Paper360 - March/April 2015 - (Page 52)

techlink | EFFLUENT TREATMENT Ultimate effluent Treatment Allows for ever-larger Pulp Mill Capacities Combining ozone treatment of secondary effluent with aerobic biologically-aerated flooded filtration, is a clean, economic treatment alternative that lowers operating costs. ALEXIS MÉTAIS, JEAN-CHRISTOPHE HOSTACHY and IVAN ZHU The pulp and paper industry has been sharply improving its effluent quality since the 1990s with the spread of secondary (or biological) effluent treatment for removal of organic matter and the ban on chlorine bleaching. The Finnish Forest Industries Federation, for example, reports that since 1992, COD and AOX emissions have decreased by 69 percent and 88 percent respectively per produced ton.1 However, effluent discharge remains a major social concern for our industry as local events recently demonstrated. Startup of the Oji Paper Jiangsu mill in China was postponed from 2012 to 2014 because of opposition by local residents to wastewater discharge, 2 and in 2013 local residents along the Uruguay River demonstrated against UPM Fray Bentos' plans to increase production.3 Those actions could seem to be the work of activists if it weren't for the fact that governments today are strengthening their effluent regulations. In 2011, China enforced COD discharge limits of 100 mg/l for pulp mills and 90 mg/l for integrated mills, which makes implementation of tertiary effluent treatment for recalcitrant COD (or hard COD) removal almost compulsory. In Brazil, the latest pulp mill projects of Klabin and CMPC were also required to include tertiary effluent treatment. However, contrary to what one may think, the need to remove hard COD is not due to the latest environmental fad but to the excellent progress made by the pulp and paper industry. COD discharge guidelines were being discussed in the 90s when the largest fiberline (Alberta-Pacific) had less than a half million tons adt/y of capacity. Since 1992, specific COD discharge has been reduced threefold, but is offset by a threefold increase in fiberline capacity. For instance, Eldorado started the first 1,500,000 adt/y fiberline in 2012, but COD discharge at one single point is potentially the same as 20 years ago. To improve further, a third effluent treatment is required. COAGULATION-FLOCCULATION TREATMENT The most widely used tertiary treatment solution is the traditional coagulationflocculation process, which is based on the use of coagulants such as aluminum or iron salts that produce flocks (aggregates) from colloid materials. The flocks then settle and are removed in the form of sludge. The coagulation-flocculation process has low investment and maintenance costs since it consists primarily of concrete tanks and mixers. Moreover, it can be quickly implemented in only a few months, since only civil work is required. This explains why the coagulationflocculation process is the most widely used globally. However, the process results in large amounts of sludge which need to be dealt with. Pulp and paper sludge is disposed of in three basic ways: landfilling, incinerating and land-spreading (composting or fertilization). But sludge management is already a burden for pulp and paper mills, requiring investment in dewatering facilities and operating Figure 1. Ozonation+biofiltration treatment. 52 Paper360º MARCH/APRIL 2015 www.tappi.org http://www.tappi.org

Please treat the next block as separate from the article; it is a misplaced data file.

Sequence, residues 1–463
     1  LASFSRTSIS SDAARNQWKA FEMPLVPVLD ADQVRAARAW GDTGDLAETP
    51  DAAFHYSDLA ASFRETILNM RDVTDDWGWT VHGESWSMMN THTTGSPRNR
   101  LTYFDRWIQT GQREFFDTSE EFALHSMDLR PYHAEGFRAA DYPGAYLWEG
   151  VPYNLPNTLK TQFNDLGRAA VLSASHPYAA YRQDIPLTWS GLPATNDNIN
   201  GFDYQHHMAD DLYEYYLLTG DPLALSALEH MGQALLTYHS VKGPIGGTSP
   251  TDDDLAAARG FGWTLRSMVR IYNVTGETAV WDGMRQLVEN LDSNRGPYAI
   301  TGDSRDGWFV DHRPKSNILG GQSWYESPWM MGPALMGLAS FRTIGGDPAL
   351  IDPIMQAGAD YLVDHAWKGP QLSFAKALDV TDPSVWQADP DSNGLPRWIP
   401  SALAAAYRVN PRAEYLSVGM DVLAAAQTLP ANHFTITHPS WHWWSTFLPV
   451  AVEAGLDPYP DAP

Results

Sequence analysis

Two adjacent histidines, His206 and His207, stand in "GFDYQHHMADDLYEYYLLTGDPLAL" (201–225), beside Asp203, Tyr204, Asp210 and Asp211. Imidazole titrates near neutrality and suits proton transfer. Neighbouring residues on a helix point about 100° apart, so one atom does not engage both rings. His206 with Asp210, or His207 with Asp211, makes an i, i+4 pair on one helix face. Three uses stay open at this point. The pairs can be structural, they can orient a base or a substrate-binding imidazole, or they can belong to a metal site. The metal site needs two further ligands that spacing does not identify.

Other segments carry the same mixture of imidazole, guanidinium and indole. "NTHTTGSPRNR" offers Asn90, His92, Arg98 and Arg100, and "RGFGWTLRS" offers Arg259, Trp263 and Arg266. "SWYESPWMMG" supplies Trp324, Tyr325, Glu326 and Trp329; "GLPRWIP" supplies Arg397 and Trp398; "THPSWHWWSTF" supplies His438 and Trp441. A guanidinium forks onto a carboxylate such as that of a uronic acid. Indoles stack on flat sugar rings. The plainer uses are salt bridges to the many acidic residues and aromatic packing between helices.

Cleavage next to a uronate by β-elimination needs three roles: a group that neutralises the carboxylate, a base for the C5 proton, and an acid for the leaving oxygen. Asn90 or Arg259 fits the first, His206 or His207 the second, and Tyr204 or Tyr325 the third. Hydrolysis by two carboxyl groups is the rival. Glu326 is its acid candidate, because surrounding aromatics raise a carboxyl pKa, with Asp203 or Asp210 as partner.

Table of Contents for the Digital Edition of Paper360 - March/April 2015

Guest Editorial
Over the Wire
TAPPI's Centennial: A Celebration 100 Years in the Making
Precision Alignment of Winders
Single-stream Waste Processing
iRoll at Irving
Fully Automated Continuous Digester
Twin Roll Press Upgrade
TAPPI Journal Summaries
Effluent Treatment
Microfibrils to Transform Paper Furnish
Consolidation Watch
Knowledge Builder
New Energy Windfall
Power from Waste
Safety Survey
Association News
ASPI News
Online Exclusives
Advertisers Index

Paper360 - March/April 2015

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